Earlier in the year, on one of my weekly road runs, I was stopped at a light next to an idling sports car. It was beautiful and the engine was growling throatily under the hood. One of them sleek Italian super cars, you know the type. A voice inside of me said "that's you man, picture that in your mind". These days the soft hum of a Toyota Camry comes to mind, haha. Oh c'mon it's not too far behind the truth. Camry's may not be the fastest but they get the miles done.

Don't get me wrong I'm feeling great just not at my peak and I'm ok with it. I've been laying down the trail miles in preparation for the Quad Dipsea the Northface 50-miler and the last two weeks of taper has given me back some of my speed and energy. Work has suddenly gotten busy which explains, for the most part, my absence from blogging but the timing couldn't be better since I was on taper. The freelance thing, sometimes really slow, sometimes really busy.

Brian Krogmann and his friend Katelyn are up from LA and he is also running the Quad Dipsea.Thanksgiving morning we did a double of the course in preparation for the race. Believe me I was thinking a Philz mocha and football but he has never been on the trail so when he asked if I could show him the course prior to race day I was more than happy to oblige. I spread the word on Facebook and posted the run on our triathlon club's calendar. We ended up with about 20 people for the run and six did the entire double. I kept the pace easy for the most part and I felt great throughout. I won't be as fast as last year but I should have a decent, solid run. Now of course I'm hoping for some of that race day magic, when the energy of an event, my fellow runners, the cheering spectators, the hard working volunteers, the beauty and gnarliness of the trail, catapults me into a better than expected performance. I'm hoping there might be some of that or it could be like Firetrails this year where I ran a slower race but a solid run nevertheless. We shall see. I will know after the first crossing of the Dipsea where I'm at physically.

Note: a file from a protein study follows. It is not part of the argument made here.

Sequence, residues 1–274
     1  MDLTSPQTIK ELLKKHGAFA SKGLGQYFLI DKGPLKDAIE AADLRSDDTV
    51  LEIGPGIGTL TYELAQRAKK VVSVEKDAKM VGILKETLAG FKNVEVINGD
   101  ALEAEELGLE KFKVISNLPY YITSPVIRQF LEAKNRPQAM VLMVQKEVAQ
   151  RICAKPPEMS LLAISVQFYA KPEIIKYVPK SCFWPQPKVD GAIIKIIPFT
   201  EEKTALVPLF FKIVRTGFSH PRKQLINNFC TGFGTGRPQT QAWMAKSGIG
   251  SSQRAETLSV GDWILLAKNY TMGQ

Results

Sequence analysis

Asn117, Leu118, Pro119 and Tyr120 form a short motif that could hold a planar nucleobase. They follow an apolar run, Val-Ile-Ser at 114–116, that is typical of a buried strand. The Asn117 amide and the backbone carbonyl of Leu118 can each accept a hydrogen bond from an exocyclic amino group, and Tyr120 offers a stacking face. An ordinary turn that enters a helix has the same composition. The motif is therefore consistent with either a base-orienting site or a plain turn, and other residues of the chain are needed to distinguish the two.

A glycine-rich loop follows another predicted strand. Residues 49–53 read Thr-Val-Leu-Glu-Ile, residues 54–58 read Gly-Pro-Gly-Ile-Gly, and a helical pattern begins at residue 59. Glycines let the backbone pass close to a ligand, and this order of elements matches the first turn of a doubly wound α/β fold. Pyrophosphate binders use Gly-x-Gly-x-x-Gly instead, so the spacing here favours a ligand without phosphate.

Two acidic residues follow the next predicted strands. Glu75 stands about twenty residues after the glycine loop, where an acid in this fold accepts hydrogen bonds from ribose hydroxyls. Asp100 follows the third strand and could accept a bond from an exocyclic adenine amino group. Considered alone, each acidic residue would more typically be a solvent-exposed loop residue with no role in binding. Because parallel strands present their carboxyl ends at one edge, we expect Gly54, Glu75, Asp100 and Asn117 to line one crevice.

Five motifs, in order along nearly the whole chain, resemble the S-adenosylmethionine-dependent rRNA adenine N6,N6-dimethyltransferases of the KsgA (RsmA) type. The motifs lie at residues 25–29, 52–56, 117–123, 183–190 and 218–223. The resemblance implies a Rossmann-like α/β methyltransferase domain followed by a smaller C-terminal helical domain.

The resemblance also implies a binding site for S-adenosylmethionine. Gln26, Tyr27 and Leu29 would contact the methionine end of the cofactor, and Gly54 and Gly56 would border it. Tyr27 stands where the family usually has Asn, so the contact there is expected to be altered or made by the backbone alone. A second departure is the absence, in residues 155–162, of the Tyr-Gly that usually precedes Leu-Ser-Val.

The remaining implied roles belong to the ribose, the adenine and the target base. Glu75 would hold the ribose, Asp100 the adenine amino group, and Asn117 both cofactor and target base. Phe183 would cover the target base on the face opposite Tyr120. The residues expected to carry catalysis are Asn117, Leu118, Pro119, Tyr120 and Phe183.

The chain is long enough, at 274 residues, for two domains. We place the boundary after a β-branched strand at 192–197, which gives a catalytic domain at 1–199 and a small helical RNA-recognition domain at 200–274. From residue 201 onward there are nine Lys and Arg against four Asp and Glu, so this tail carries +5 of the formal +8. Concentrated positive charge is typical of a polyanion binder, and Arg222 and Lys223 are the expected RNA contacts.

I've been excited about the run all week. My favorite race on my favorite holiday weekend. Many, many things to be thankful for and the opportunity to run the Quad Dipsea again is one of them. There was a chance that the event wasn't going to happen because of budget cuts but they found a way to make it happen. Thank you Park Service and big, big mahalos to race director John "Tropical John" Medinger. To all my fellow Quad Dipsea racers, see you tomorrow!

We had a pretty good group going Thanksgiving morning.

Brian Krogmann (Javelina Jundred shirt, Daniel Fabun and Katelyn Benton before the run.

Megan Lewis, Kara Teklinski and Ed Swanson talk shop while Justin Wasielewski and Lisa Ledesma go over course directions in the background.

Just like on race day, running up the road to the first flight of stairs.

Katelyn Benton and Kara Teklinski heading back to Mill Valley.

Katelyn Benton and Kara Teklinski on the final descent back to Mill Valley.

Tuesday, November 10, 2009

Why I Love Mt. Tam

Well that was some October! It was a lot of work but so much fun I wish it wasn't already over. First it was racing the Dick Collin's Firetrails 50-miler followed by volunteering at the Nike Women's Marathon and PCTR's SF One Day 12/24 Hour Run and finally ending with crewing and pacing at Javelina Jundred in Arizona.

This past weekend I was glad to be home but three birthday celebrations, one of them mine, left me struggling through the 46-miles I managed to log in the weekend. A year older but not any wiser! Sunday was the best though because I spent it on Mt. Tam. Two more races left on the schedule and both utilize trails in the area - Quad Dipsea and the Northface 50-mile. I was mostly on the Dipsea Trail but took in some of the other trails in the area as well; Steep Ravine, Alpine and Bootjack. I was mainly just going back and forth between the seaside town of Stinson Beach and Mill Valley. I love it out there, so green and lush and the trails rough.

Truth be told my body is tired and I am looking forward to the extended rest I have planned after the last race. It has been a good year and I feel it. All the volunteering, crewing and pacing was a good break. Not too tired to enjoy a good run though albeit slower. I've been putting in the miles just not as much as I did during the Spring and Summer. I think I still have enough to finish the year gracefully and injury free. Keeping my fingers crossed.

Old Mill Park in Mill Valley, California. Home of the Quad Dipsea.

You warm up quick on the first half mile.